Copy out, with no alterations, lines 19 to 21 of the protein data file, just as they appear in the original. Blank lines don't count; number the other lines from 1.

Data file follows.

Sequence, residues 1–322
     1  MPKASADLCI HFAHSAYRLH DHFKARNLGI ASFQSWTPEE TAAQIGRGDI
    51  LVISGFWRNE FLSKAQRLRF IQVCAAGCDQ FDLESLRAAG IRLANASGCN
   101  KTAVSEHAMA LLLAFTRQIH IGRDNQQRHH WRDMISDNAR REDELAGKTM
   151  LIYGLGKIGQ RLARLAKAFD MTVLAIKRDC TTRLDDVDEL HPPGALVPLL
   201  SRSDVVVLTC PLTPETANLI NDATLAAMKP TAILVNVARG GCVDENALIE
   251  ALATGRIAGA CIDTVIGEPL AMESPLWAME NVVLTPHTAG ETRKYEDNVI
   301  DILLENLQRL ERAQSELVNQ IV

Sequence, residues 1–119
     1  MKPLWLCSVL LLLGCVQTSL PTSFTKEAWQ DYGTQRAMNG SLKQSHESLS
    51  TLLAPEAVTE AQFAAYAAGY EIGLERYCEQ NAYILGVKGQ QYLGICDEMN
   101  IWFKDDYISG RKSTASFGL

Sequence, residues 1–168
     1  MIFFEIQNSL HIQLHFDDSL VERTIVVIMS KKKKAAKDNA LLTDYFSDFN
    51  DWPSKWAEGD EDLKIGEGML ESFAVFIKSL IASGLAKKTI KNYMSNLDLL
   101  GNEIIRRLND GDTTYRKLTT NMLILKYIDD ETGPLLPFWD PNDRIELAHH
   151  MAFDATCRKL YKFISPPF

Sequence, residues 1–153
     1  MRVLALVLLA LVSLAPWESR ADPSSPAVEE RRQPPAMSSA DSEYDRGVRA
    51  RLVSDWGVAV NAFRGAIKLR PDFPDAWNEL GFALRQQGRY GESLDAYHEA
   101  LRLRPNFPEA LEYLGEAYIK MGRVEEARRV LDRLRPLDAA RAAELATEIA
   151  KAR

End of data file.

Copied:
     1  MRVLALVLLA LVSLAPWESR ADPSSPAVEE RRQPPAMSSA DSEYDRGVRA
    51  RLVSDWGVAV NAFRGAIKLR PDFPDAWNEL GFALRQQGRY GESLDAYHEA
   101  LRLRPNFPEA LEYLGEAYIK MGRVEEARRV LDRLRPLDAA RAAELATEIA